In October the Intergovernmental Panel on Climate Change concluded that policymakers must take “unprecedented action” to limit warming to 1.5 degrees Celsius above preindustrial levels. In November the Fourth National Climate Assessment reported that the United States is already feeling the health and economic costs of climate change and that those harms will intensify without “immediate and substantial” cuts to greenhouse gas pollution.
The resolution notes that a federal, large-scale mobilization has ample precedent in the nation’s history, pointing to accomplishments like the Interstate Highway System, the Apollo 11 Moon landing and the New Deal.
“Mounting a World War II style mobilization against the climate emergency will have lifesaving and economic benefits that far exceed its costs,” Snape said. “Responding to the climate crisis with any less urgency would spell disaster for current and future Americans, and for the planet.”
Some plan to CUT greenhouse gas emissions down to zero by 2030.
Local climate policies that are already on the books in the US are poised to cut down greenhouse gas emissions 25 percent by 2030 (compared to 2005 levels), according to a December report from Bloomberg Philanthropies. When South Portland, Maine adopted a resolution declaring a climate emergency in October, it included a vow to cut its greenhouse gas emissions down to zero by 2030.
Sixty-eight cities, towns, and counties have issued their own emergencies in the US. Sixty of those were made in 2019, and include major cities like Miami and Austin.
2019 was the year of ‘climate emergency’ declarations – The Verge
A rapidly changing climate drovehundreds of governments around the world to declare states of emergencyin 2019. While the declarations are largely symbolic gestures, they have in some cases become jumping-off points for real action. It’s the culmination of coordinated efforts by activists pushing governments to take action that is as dramatic as the threats posed by the climate crisis.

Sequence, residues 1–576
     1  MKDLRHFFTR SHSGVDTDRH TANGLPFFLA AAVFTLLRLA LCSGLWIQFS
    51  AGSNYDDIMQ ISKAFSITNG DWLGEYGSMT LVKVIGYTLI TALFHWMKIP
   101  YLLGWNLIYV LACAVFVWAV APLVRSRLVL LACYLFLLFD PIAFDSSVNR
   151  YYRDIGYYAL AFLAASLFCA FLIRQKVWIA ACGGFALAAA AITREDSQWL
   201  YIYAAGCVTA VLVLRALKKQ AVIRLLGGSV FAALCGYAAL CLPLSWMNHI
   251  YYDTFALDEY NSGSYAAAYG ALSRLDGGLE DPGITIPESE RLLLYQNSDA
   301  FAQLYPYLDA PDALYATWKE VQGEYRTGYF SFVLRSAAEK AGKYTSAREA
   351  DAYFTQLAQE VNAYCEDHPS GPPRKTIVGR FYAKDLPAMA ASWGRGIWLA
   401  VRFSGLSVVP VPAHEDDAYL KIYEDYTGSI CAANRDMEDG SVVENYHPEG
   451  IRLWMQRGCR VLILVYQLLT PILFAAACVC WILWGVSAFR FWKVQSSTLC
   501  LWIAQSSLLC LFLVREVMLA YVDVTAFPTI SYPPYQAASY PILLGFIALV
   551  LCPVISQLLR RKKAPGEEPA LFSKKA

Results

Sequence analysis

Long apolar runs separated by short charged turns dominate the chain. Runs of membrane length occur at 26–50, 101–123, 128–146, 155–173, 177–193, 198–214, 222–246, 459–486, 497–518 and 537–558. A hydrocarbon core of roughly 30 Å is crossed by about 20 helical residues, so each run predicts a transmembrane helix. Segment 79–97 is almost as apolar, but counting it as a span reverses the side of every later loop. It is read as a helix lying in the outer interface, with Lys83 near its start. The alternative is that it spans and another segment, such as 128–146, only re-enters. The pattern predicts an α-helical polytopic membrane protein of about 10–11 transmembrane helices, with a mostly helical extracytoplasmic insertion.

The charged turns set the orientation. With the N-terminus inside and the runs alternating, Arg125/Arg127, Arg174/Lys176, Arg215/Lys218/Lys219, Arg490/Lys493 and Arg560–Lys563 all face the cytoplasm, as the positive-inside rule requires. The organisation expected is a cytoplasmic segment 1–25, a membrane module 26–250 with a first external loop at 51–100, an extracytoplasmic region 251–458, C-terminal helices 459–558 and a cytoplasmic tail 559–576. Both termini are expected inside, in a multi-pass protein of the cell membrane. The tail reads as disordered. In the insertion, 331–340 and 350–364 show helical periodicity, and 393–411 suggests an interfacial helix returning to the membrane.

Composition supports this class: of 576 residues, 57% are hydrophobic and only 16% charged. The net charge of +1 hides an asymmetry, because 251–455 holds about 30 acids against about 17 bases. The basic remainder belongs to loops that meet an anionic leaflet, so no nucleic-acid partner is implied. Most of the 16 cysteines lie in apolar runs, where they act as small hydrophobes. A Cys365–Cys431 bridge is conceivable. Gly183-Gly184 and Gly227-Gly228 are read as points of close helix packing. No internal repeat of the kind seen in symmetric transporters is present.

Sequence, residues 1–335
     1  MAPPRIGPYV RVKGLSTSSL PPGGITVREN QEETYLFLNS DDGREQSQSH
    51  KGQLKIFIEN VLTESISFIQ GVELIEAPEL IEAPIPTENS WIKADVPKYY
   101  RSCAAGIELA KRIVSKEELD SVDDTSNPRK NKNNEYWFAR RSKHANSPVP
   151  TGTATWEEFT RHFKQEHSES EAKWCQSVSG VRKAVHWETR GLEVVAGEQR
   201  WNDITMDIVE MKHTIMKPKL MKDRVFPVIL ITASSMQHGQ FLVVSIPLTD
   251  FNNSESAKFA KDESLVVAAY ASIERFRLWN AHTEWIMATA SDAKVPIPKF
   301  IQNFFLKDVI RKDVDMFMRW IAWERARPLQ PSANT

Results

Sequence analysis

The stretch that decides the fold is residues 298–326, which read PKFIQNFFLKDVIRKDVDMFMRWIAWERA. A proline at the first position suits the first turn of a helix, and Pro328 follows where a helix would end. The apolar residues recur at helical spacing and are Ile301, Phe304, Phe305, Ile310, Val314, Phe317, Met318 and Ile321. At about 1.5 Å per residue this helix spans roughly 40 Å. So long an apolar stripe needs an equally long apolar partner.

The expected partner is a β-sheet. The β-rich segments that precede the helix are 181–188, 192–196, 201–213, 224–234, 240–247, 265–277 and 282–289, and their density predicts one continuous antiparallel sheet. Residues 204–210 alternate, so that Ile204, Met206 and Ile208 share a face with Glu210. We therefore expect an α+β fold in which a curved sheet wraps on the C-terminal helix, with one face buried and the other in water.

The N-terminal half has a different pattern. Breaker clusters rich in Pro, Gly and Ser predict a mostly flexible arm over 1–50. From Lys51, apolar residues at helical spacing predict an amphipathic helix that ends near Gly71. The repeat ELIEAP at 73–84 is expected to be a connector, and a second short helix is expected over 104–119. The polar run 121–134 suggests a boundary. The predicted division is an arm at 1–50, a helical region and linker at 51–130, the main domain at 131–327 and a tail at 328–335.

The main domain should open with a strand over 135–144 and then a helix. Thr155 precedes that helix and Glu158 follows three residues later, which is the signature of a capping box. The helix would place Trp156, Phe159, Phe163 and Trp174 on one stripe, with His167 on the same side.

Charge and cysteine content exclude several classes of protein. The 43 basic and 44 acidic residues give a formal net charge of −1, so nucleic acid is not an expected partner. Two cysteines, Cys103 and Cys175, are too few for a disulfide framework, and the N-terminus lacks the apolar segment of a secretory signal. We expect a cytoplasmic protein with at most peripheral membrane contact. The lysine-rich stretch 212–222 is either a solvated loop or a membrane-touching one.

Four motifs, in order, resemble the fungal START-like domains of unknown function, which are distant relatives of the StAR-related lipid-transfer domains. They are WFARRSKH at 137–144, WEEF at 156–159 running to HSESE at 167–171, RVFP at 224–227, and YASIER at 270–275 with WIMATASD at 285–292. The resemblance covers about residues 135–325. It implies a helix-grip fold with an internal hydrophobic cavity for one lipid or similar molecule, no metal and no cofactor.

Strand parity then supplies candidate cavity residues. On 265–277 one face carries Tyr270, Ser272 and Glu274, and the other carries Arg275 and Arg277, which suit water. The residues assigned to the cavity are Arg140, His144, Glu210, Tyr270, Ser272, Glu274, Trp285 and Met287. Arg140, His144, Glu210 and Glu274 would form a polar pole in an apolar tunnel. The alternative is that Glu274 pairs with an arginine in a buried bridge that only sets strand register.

“The Climate Emergency movement reached a tipping point”
“This year, the Climate Emergency movement reached a tipping point, and thousands of average people began getting involved in climate politics and advocating for change,” Laura Berry, director of research and publications at The Climate Mobilization wrote toThe Vergein an email. Her Brooklyn-based advocacy group has been behind a campaign to push for emergency declarations across the globe. Berry’s organization has worked alongside grassroots groups to push for local declarations and has lobbied Congress, too. She says the global climate emergency movement has exploded in growth this year as campaigns from both her group and other efforts have taken hold.
In the final year ofthe hottest decade on record, climate emergency declarations have grown in scale from individual cities to an entire continent sounding the alarm.In May 2019, the UK became the first national government to declare a climate emergency, days after similar declarations from Scotland and Wales.”By November, the European Parliament had done the same. That month, more than11,000 scientistsjointly declared that Earth is “clearly and unequivocally” facing a climate emergency, too. Oxford Dictionaries made “climate emergency” itsword of the year.
Today,about800 million peoplelive in places that have declared global warming an emergency— that’s one in ten of all people on the planet. It’s a big change in the three years since Darebin, Australia declared the first local emergency in 2016. On January 1st, 2019, The Climate Mobilization recorded just 233 declarations worldwide compared to the 1,288 today. For the most part, those declarations aren’t binding and rarely include any specific changes in policy, but in some cases,they have bolstered more concrete efforts to reduce greenhouse gas emissions.